5 stars This was Sandy Denny's breakaway album from FAIRPORT CONVENTION--before she went on a solo career--and amazing record it is! She is joined by four stellar musician/vocalists--male--in ECLECTION's Trevor LUCAS on guitars and Gerry CONWAYon drums and POET AND THE ONE MAN BAND's Jerry DONAHUE on guitars and Pat DONALDSON on bass. This is a deceptively powerful album due to its rather soft, slow, and laconic song starts. But you need only follow Ms. Denny's incredibly emotive storytelling and the way the band joins in to build toward each song's climax before you will find yourself hooked. Only three songs are penned by Denny and they are jewels but the male-lead vocal songs are quite good as well. What makes Fotheringay such a powerful album is the amazing recording and powerful emotions in both Sandy Denny's vocals and lyrics but also all of the accompanying musicians. I just love the clarity and feel of the mix of the guitars, piano, and drums. Each and every song is artfully done, with subtle flourishes and idiosyncracies that make them so delightful to listen to time and time again. If there's a weakness in the album, it's in the recording of the vocalist's voices--especially in songs which try to display the band's singing in harmony like 'The Ballad of Ned Kelly' (3:36) (7/10) and, to a lesser degree, 'Peace in the End' (4:03) (8/10). But the listener can easily get past this as, let's face it: there have not been many vocalists in the history of recorded music with the gifts that Sandy Denny had.

Favorites: Denny's three: 1. 'Nothing More" (4:39) (10/10),'2. 'The Sea" (5:33) (9/10), and 'The Pond and the Stream' (3:20) (8/10); the most proggy tune on the album, 9. 'Banks of the Nile' (8:04) (10/10); the wonderful harmonized vocal approach to Gordon Lightfoot's 'The Way I Feel" (4:45) (9/10), and;'the delicate 4. 'Winter Winds' (2:13) (8/10)

1. "Nothing More" (4:37) a Sandy Denny-penned song that is one of the most shining examples of Prog Folk perfection you'll ever come across, Sandy Denny is something so special and this is a great band. The only song on the album on which piano appears as the lead accompanist of the vocalist and band. (10/10)

2. "The Sea" (5:32) another Sandy Denny song that is built upon by her amazing band so that it sounds like the foundation for one of THE ALLMAN BROTHERS' best songs with comparisons also appropriate for bands like JONI MITCHELL and SEALS & CROFTS. Outstanding musicianship of this gorgeous, many-layered composition. (10/10)

3. "The Ballad Of Ned Kelly" (3:34) a song created by guitarist-vocalist Trevor Lucas and sung by Lucas in his Kris Kristofferson-like voice. A now-famous song that fails to impress (me; but then, I'm not a lyrics guy). (8/10)

4. "Winter Winds" (2:13) a third Sandy Denny song that opens with guitars and bass and Sandy's plaintive voice. Drums join in for the final stanza. (8.5/10)

5. "Peace In The End" (4:02) written by Sandy and Trevor strummed guitars, thick C&W bass, pedal steel guitar, choir vocals with a male in the lead, later alternating with Sandy. The chorus approach feels church-based--definitely oriented to a sing-a-long crowd-appeal. (8/10)

6. "The Way I Feel" (4:46) a Gordon Lightfoot song that opens with fast arpeggio from guitar, fast strumming from another, bass and drum lines potent with latent power waiting to bust out. Beautiful choral vocals with perfected harmonies carry this song from start to finish. Again, the little instrumental flourishes and nuances added here and there are so cool--they remind me of the sophisticated layering of peak LYNYRD SKYNYRD. (9.5/10)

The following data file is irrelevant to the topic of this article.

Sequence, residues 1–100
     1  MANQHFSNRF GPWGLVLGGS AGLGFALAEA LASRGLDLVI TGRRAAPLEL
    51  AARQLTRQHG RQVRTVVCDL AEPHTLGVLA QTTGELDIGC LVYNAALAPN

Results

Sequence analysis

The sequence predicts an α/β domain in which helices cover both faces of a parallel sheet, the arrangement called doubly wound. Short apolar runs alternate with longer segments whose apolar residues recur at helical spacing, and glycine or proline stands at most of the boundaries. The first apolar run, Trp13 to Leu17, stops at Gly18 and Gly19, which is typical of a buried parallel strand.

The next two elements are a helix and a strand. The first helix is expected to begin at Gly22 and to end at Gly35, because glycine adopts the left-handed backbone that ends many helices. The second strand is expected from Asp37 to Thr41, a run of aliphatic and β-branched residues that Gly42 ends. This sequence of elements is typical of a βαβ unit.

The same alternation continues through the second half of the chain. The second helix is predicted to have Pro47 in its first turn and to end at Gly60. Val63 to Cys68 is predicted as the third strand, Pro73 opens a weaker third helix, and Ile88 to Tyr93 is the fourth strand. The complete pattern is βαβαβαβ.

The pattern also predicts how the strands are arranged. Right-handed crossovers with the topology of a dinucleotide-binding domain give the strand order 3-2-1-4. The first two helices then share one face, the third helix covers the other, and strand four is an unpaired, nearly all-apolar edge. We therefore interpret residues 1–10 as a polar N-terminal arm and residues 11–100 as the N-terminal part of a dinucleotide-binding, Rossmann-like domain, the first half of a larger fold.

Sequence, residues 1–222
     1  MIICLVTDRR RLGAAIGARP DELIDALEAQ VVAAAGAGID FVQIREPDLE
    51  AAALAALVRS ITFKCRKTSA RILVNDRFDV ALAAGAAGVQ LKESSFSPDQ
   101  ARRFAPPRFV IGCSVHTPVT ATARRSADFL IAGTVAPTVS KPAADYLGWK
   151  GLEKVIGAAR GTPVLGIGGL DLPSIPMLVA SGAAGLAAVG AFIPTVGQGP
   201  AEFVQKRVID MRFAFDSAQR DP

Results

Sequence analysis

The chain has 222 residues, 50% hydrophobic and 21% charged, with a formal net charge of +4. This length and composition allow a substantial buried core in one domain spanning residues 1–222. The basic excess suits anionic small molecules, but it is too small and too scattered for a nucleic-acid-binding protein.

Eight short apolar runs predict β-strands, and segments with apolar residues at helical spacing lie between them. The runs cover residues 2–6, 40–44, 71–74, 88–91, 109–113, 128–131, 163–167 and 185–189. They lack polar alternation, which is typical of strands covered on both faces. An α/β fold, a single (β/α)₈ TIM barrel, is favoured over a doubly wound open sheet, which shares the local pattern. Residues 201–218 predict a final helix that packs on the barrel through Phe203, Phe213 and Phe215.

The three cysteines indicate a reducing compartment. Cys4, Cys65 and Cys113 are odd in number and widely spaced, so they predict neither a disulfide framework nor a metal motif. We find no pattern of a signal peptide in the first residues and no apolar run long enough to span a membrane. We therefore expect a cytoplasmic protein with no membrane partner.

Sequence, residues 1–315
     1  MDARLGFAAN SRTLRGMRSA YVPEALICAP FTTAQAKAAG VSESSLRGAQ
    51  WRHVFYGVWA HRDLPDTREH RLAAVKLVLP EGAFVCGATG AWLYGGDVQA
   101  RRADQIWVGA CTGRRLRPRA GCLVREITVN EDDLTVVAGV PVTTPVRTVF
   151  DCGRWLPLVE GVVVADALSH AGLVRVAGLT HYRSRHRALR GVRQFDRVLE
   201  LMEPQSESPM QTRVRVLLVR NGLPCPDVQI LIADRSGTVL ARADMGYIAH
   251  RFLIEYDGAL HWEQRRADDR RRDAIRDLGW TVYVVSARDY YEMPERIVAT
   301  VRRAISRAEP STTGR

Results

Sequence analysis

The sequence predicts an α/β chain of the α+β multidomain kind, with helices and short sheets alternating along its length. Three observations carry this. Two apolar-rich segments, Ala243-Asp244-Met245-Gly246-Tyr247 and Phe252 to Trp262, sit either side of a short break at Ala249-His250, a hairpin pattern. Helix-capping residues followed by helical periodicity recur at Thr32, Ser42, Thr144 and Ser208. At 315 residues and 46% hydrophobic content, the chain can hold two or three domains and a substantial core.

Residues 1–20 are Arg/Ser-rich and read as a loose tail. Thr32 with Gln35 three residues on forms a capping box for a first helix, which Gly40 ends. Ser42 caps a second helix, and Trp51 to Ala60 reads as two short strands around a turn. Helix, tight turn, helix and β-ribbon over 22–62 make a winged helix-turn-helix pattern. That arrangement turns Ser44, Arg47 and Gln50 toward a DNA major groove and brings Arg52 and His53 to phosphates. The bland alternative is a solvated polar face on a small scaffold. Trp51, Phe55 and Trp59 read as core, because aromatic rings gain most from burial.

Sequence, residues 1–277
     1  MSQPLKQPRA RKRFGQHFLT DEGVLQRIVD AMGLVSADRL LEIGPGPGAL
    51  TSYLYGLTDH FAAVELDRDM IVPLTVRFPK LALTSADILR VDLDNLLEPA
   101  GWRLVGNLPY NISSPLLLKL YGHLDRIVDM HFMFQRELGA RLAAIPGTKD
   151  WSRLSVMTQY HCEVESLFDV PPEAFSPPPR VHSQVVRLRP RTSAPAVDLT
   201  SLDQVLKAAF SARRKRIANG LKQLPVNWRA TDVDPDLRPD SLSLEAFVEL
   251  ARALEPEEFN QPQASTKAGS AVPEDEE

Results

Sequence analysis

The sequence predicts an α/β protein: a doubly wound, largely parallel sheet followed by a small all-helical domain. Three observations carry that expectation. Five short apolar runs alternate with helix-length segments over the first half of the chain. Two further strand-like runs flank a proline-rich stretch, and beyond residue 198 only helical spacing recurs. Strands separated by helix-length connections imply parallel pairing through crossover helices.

7. "The Pond And The Stream" (3:20) multiple picked guitars with bass and drums in gentle support of Sandy's solo voice. A true folk song, very JONI MITCHELL-like. (9/10)

8. "Too Much Of Nothing" (3:55) a male-voiced cover of a Bob Dylan song that is delivered in a very Country & Western style and sound; the whole thing sounds like something from THE BAND, the MARSHALL TUCKER BAND, or HOOTIE AND THE BLOWFISH. Smooth and memorable. (9/10)

9. "Banks Of The Nile" (8:04) a Fotheringay/Sandy Denny arrangement of a traditional folk song, the key is, once again, Sandy's amazing vocal delivery. Great simple and sparse support from the guitar, bass and cymbals over the opening four minutes allows Sandy and the story to have the listener's full attention (as it should). Still, this is a Prog Folk song with a more rock'n'roll musical support in the second half. Full of subtleties and nuances that add greatly without distracting or detracting from Sandy's story delivery. Gorgeous outro to fade over the last 30 seconds. (13.5/15)

Total Time: 40:03

In 2008 Jerry Donahue released an album entitled Fotheringay 2 using previously unreleased material from the band's original 1970 recording sessions'some of which had seen the light of day on 1970s releases by FAIRPORT CONVENTION and SANDY DENNY. It is an equally wonderful album--definitely worth checking out! Check out "Nothing More" (4:39) (10/10), "The Sea" (5:33) (9/10), "Banks of the Nile" (8:04) (13.5/15), "The Way I Feel" (4:45) (10/10), and "John the Gun" (5:06) (8/10) (from their second album of songs recorded in their 1970 recording sessions but only released as the album Fotheringay 2 in 2008).

Five stars; a minor masterpiece of progressive rock music and a wonderful display of diverse Prog Folk.

Latest members reviews

1 stars This will be my last review on progarchives. So, Fairport is considered either prog-folk or prog-related. Ok, I can see that, since they were one of the first to develop a mixture of traditional folk songs with new instrumentation. But that doesn't mean every spin-off is also prog. No, Steeleye Spa ... (read more)

Report this review (#2444373) | Posted by Kelder | Thursday, September 3, 2020 | Review Permanlink

4 stars To me this is almost a "best of Sandy Denny" album. The songs she presents on Fotheringay is better than on any of her solo albums. I think it's a shame that she didn't get all the spotlight, because the non-Denny tracks brings the album down. However, songs like "Winter Winds", "The Pond and ... (read more)

Report this review (#68049) | Posted by 1971 | Thursday, February 2, 2006 | Review Permanlink